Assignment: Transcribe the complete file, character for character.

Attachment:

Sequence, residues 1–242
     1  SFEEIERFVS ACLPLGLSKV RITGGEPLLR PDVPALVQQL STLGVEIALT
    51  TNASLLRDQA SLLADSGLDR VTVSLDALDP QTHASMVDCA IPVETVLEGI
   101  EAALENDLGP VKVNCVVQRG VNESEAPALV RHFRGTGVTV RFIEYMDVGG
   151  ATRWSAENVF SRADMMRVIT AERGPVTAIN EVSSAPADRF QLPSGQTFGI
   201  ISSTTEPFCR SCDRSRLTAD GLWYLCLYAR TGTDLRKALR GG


Sequence, residues 1–242
     1  SFEEIERFVS ACLPLGLSKV RITGGEPLLR PDVPALVQQL STLGVEIALT
    51  TNASLLRDQA SLLADSGLDR VTVSLDALDP QTHASMVDCA IPVETVLEGI
   101  EAALENDLGP VKVNCVVQRG VNESEAPALV RHFRGTGVTV RFIEYMDVGG
   151  ATRWSAENVF SRADMMRVIT AERGPVTAIN EVSSAPADRF QLPSGQTFGI
   201  ISSTTEPFCR SCDRSRLTAD GLWYLCLYAR TGTDLRKALR GG